Taking Origen at his word, the content of a homily is going to come from the Scripture of the day; but this opens a Pandora's Box. Historical criticism, literary criticism, source criticism, form criticism, redaction criticism, all of which form the matrix of what is so pompously called "higher criticism," arising from 19th century European rationalism, generally takes a secular approach, asking questions regarding the origin and composition of the text, including when and where it originated, how, why, by whom, for whom, and in what circumstances it was produced, what influences were at work in its production, and what original oral or written sources may have been used in its composition; and the message of the text as expressed in its language, including the meaning of the words as well as the way in which they are arranged in meaningful forms of expression. The principles of higher criticism are based on reason rather than revelation, and are speculative by nature. What the "higher criticism" leaves out, unfortunately, is rather important. We call it God.
     Enter the Apostolic and post-Apostolic Fathers, for whom every word of the Old Testament points to Christ, and every word of the New Testament comes from Christ; and for whom every word of every sermon should instruct and inspire the faithful to embrace the Faith of Christ. Which is why Pope Paul VI, in 1970, following the close of the Second Vatican Council,—and perhaps mindful of the can of worms that council opened to the rationalists who were already descending on the Church's institutions of higher learning—warned us:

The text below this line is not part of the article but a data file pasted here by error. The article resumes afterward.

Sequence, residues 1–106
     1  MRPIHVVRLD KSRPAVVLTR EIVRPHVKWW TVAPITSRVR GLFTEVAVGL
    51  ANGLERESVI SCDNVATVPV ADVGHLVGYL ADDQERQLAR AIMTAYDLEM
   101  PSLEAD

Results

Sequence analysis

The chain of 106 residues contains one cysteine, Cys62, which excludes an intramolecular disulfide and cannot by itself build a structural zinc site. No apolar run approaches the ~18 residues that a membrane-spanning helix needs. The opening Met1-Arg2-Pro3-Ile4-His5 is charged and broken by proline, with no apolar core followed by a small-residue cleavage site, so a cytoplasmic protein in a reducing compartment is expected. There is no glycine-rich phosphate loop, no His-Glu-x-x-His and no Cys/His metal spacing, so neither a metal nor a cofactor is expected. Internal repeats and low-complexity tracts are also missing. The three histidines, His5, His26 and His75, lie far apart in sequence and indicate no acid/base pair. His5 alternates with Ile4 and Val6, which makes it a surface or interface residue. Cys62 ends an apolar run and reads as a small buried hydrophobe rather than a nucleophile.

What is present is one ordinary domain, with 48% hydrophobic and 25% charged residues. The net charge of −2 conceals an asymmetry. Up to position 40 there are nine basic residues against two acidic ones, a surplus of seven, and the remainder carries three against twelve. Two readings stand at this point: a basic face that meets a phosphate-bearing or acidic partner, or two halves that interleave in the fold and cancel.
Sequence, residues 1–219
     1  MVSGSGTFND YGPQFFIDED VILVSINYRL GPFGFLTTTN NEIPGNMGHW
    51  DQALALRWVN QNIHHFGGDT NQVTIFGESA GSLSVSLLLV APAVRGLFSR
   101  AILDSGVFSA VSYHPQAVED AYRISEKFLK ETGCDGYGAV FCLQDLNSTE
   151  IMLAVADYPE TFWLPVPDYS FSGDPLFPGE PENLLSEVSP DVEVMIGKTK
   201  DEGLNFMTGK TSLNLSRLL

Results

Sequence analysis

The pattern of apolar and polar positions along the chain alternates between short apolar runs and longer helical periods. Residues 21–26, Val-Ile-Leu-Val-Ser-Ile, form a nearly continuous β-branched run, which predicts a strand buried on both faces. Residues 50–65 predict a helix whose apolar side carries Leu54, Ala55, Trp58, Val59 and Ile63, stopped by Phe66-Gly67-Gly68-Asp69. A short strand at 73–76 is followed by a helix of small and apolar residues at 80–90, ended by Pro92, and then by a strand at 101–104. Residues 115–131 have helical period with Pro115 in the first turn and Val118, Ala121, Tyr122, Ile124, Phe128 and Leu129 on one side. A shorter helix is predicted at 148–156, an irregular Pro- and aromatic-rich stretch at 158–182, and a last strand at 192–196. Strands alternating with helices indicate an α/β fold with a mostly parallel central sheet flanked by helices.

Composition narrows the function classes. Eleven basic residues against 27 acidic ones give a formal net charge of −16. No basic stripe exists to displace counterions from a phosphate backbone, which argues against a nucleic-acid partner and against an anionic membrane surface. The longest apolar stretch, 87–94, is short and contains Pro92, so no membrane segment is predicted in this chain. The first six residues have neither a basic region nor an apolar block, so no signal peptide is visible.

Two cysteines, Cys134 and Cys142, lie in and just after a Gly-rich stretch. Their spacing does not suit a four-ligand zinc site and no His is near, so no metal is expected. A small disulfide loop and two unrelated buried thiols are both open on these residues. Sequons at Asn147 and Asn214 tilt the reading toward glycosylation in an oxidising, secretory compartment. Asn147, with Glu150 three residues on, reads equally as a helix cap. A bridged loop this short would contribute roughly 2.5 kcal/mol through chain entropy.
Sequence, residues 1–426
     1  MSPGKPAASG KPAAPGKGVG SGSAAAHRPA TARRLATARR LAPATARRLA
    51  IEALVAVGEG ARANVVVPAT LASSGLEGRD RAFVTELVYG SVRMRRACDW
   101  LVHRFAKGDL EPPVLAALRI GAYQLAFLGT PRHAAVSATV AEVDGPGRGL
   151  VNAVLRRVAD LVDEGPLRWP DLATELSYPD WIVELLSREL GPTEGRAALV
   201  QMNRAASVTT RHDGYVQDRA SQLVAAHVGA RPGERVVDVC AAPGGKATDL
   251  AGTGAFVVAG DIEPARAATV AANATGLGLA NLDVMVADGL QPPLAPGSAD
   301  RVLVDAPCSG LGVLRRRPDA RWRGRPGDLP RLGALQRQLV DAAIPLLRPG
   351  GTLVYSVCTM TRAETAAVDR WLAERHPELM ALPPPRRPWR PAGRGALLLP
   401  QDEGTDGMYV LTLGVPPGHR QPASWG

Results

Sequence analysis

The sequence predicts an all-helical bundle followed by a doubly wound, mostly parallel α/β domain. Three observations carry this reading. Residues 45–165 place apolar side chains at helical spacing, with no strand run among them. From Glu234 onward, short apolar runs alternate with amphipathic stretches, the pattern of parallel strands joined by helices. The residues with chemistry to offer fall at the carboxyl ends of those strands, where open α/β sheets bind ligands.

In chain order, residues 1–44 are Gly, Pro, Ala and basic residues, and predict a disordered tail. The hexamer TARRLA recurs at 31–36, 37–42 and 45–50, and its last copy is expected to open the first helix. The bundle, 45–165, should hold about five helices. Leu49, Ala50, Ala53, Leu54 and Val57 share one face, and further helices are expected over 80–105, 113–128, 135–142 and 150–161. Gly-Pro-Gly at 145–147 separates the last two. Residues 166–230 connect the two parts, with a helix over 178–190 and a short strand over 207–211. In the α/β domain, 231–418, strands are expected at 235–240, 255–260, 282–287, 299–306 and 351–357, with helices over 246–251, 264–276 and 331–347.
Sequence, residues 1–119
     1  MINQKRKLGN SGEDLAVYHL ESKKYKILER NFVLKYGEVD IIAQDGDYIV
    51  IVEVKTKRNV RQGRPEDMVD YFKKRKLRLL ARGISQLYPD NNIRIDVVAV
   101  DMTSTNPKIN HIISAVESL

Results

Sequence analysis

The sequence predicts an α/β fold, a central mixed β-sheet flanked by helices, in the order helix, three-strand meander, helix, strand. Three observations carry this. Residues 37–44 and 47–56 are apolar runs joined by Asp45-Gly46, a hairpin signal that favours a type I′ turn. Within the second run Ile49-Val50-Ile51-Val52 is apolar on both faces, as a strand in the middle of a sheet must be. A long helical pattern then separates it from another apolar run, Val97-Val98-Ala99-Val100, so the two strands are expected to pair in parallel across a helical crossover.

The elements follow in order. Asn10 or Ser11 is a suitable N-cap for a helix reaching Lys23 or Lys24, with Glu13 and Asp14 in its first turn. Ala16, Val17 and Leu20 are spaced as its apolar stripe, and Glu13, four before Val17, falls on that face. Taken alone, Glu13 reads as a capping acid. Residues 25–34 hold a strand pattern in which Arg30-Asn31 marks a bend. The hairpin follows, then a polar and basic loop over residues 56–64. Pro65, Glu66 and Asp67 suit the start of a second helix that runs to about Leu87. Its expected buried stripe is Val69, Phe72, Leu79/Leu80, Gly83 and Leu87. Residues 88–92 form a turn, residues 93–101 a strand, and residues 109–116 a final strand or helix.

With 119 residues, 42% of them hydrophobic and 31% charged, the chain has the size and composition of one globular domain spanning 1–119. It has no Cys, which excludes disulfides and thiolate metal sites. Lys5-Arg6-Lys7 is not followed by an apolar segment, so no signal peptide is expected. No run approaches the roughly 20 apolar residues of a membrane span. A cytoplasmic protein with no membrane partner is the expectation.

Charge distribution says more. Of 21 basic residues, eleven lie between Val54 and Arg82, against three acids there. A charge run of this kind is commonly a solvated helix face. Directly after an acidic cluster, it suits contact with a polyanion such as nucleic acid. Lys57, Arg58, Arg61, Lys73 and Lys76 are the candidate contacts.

We particularly wish to emphasize at this time the fact that return to the Fathers of the Church is, in fact, part of the return to Christian sources without which it will not be possible to activate Biblical renewal, liturgical reform and the new theological research desired by the Second Vatican Ecumenical Council.

Needless to say, the rationalists disagreed, and plowed ahead to show that it was not only possible, but essential as far as they were concerned. There is no quicker way to anger a post-conciliar revisionist—one who believes the Holy Spirit finally decided to visit the Church for the first time in 1965—than to explain a passage of the Old Testament allegorically with a citation from one of the Fathers.